* Your employers really don’t want pictures of your office holiday party antics going viral online (but we do). Here are some of the many ways they’ll try to keep you from becoming internet famous. [Corporate Counsel]
* George Zimmerman, the man accused of killing Trayvon Martin, is suing NBCUniversal, alleging that the network and Today show reporters committed serious “journalistic crimes.” [Media Decoder / New York Times]
The evolution of relationships between the genders continues. Currently, in law firms, there is an interesting conundrum; balancing the desire for a gender-blind workplace where “the best lawyer gets the work and advances” and the reality of navigating the complicated maze created by the fact that, in general, men and women do possess differences in their work styles. These variations impact who they work with, how they work, how they build professional connections and how organizations ultimately leverage, reward and recognize the talents of all.
Henry Ford sat on his workbench and sighed. A year earlier, he had personally built 13,000 Model Ts with his own hands. Fashioning lugnuts and tie rods by hand, Ford was loath to ask for help. Sure, there were things about the car that he didn’t quite understand. This explains the lack of reliable navigation systems in the Model T. But Ford persevered because he knew that unless he did everything, he could not reliably call these cars his own.
“Unless my own personal toil is responsible for it, it may as well be called a Hyundai,” Ford remarked at the time.
The preceding may sound unfamiliar because it is categorically untrue. And also monumentally stupid. Henry Ford didn’t build all those cars by hand. He had help and plenty of it. Almost exactly one hundred years ago, Henry Ford opened up the most technologically advanced assembly line the world had ever seen. Built on the premise that work can be chopped up into digestible pieces and completed by many men better than one, the line ushered in an age of unparalleled productivity.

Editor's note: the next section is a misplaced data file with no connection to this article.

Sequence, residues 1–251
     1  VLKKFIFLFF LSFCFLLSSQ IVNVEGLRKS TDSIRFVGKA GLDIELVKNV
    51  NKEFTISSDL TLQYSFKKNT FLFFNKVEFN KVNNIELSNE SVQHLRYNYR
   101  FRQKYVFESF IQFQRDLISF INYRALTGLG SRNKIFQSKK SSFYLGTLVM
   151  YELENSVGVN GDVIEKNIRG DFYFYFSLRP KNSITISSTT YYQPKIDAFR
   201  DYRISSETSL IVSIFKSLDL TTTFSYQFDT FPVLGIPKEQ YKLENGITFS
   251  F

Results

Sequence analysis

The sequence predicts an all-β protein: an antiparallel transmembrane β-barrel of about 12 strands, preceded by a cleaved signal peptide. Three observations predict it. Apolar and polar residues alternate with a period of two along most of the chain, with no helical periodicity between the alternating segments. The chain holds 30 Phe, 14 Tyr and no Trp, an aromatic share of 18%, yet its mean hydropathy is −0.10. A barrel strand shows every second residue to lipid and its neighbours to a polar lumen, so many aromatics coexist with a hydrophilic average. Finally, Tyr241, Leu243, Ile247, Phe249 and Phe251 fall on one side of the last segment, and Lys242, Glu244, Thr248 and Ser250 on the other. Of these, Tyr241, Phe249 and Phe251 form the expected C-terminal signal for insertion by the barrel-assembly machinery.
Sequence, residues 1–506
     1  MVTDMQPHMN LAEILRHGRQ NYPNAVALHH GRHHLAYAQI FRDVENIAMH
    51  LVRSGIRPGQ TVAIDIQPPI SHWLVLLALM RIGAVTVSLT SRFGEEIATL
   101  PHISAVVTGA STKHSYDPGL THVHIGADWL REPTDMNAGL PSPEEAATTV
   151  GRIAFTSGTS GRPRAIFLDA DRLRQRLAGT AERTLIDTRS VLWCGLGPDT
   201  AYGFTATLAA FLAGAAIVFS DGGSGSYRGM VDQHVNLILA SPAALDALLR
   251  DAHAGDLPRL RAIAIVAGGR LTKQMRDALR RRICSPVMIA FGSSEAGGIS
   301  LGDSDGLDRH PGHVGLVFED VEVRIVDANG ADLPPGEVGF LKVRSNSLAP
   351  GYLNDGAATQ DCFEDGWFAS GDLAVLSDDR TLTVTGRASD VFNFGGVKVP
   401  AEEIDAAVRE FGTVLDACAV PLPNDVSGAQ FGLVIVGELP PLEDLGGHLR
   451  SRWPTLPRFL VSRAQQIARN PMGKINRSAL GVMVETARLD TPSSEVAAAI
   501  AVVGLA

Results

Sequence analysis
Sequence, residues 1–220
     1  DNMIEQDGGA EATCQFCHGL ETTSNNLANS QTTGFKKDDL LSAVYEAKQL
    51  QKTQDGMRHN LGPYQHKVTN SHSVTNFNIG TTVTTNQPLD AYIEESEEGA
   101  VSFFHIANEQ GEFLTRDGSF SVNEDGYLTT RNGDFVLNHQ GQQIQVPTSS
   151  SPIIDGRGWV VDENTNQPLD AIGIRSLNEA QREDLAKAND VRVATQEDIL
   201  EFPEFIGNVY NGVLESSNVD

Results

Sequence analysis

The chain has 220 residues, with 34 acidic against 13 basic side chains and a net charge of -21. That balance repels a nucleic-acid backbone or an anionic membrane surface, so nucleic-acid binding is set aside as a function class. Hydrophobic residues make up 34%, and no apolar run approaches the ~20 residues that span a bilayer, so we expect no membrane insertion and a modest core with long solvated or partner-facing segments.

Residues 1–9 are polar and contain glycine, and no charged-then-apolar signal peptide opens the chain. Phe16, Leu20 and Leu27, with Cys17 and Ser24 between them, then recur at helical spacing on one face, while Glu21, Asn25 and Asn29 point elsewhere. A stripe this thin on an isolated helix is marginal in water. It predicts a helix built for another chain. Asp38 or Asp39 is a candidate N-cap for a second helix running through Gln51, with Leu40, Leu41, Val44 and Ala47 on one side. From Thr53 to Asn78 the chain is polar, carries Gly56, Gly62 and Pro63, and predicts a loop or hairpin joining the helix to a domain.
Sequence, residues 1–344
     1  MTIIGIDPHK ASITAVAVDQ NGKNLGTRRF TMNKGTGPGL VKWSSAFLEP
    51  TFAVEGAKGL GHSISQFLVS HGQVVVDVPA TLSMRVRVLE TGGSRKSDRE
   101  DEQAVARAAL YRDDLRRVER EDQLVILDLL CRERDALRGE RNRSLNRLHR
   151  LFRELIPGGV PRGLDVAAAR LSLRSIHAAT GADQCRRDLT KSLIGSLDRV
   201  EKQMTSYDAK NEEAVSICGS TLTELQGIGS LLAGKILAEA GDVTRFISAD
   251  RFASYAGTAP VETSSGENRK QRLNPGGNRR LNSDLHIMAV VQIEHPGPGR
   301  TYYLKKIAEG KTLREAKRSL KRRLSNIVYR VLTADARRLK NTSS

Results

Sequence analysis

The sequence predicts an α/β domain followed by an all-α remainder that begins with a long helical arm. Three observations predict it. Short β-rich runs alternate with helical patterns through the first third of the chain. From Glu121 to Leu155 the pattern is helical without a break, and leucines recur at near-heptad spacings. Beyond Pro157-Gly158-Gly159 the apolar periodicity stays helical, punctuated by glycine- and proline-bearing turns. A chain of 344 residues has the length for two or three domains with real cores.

Today, an attorney refers business because he can’t do everything the client asks of him.
There are three reasons why this is way dumber than a made-up Henry Ford story…
Ed. note: The Asia Chronicles column is authored by Kinney Recruiting. Kinney has made more placements of U.S. associates, counsels and partners in Asia than any other recruiting firm in each of the past six years. You can reach them by email: [email protected].
Since late last year, things have been booming in Hong Kong / China in cap markets, especially Hong Kong IPOs. M&A deal flow has recently been getting a bit stronger as well. Although one can’t predict such things with any certainty, all signs are pointing to a banner entire 2014 for the top end US corporate and cap markets practices in Hong Kong / China. This is not really new news, as its been the feeling most in the market have had for a few months now and things continue to look good.
The head of our Asia practice, Evan Jowers, has been in Hong Kong for about 10 days a month (with trips every other month to both Shanghai and Bejing) for the past 7 months, and spending most of his time there meeting with senior US hiring partners at just about all the major US and UK firms there, as well as prospective candidates at all associate levels and partner levels, and when in the US, Evan works Asia hours and is regularly on the phone with such persons, as our the other members of our Asia team. Our Yuliya Vinokurova is in Hong Kong every other month and Robert is there about 5 times a year as well. While we have a solid Asia team of recruiters, Evan Jowers will spend at least some time with all of our candidates for Asia position. We have had long standing relationships, and good friendships in some cases, with hiring partners and other senior US partners in Asia for 8 years now.